I joined the PTA right away and attended my first meeting, where I volunteered to run a new fundraiser. The following month, I attended the PTA meeting and was elected President-Elect. You might say “wow that was quick!” or “that lady doesn’t know how to say no” and if you are a PTA Leader you probably have a very similar story, but when I joined the PTA I was able to connect, build relationships and support the teachers at our school, providing an essential foundation of support that my child needed.

What started as a need to connect and partner with teachers ended up becoming more for me. It was not just something I was doing for my own kids, or the other kids in our school, but for all children. Fast forward nine years, and three kids in school, and I still very much value the relationship between parents and teachers. My work with PTA has taught me that when parents and teachers partner to bring the best to all students and families, there are no heights our children can’t reach. So, during American Education Week I thank all teachers, not only for their hard work and sacrifice every day, but for being part of the initial motivation for me to get involved in my school and PTA. I appreciate all that you do and I am glad to be alongside you in this journey.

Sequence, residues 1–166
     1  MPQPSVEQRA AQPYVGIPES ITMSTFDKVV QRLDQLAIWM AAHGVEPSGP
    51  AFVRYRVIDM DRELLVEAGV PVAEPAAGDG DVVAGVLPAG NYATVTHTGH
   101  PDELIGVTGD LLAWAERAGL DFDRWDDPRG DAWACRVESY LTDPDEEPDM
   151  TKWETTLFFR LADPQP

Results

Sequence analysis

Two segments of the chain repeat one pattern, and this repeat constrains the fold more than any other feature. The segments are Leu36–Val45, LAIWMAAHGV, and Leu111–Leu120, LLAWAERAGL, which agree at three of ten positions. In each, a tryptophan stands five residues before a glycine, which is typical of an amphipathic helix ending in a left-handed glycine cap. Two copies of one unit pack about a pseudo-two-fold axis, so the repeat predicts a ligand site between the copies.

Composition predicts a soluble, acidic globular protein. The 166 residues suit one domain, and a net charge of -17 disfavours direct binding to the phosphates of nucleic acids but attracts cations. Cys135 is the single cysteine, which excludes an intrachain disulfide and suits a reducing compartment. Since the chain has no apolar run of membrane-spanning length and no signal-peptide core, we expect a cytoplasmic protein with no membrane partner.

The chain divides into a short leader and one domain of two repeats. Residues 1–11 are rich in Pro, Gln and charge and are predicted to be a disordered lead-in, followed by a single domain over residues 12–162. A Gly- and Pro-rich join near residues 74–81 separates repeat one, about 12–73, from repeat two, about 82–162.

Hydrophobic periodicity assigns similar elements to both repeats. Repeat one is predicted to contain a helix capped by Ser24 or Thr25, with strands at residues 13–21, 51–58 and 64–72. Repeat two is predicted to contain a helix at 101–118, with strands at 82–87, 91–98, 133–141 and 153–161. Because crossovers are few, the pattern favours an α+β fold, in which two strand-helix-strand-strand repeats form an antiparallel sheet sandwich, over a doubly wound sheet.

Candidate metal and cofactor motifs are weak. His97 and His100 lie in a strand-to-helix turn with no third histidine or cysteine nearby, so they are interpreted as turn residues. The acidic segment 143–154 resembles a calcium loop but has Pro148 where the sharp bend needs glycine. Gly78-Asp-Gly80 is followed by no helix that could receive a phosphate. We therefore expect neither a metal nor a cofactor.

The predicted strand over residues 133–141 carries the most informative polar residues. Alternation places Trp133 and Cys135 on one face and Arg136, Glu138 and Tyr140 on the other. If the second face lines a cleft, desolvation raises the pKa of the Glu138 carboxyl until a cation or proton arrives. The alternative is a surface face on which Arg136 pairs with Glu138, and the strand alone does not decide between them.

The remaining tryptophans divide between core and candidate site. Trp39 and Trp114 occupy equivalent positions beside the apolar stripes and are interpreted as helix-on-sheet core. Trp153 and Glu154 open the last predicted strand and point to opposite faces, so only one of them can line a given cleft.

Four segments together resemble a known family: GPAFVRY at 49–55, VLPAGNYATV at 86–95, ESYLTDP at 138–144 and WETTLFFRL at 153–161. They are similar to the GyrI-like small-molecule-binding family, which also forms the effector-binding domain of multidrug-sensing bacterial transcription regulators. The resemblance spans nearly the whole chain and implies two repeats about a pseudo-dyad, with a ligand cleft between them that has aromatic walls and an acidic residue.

~Lisa Kensel, Portland Council PTA President

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Delegate or do it yourself?

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Have you delegated a task, only to find out that the result wasn’t what you expected? Do you micromanage because you want things done properly?  Many PTA leaders fail to delegate because they think it’s quicker to do it themselves, they can’t trust others to do the work or feel that they will just end up re-doing it themselves so they may as well do it from the start. They are usually afraid that tasks won’t be completed in a timely manner or to a standard that they expect, so they often don’t delegate.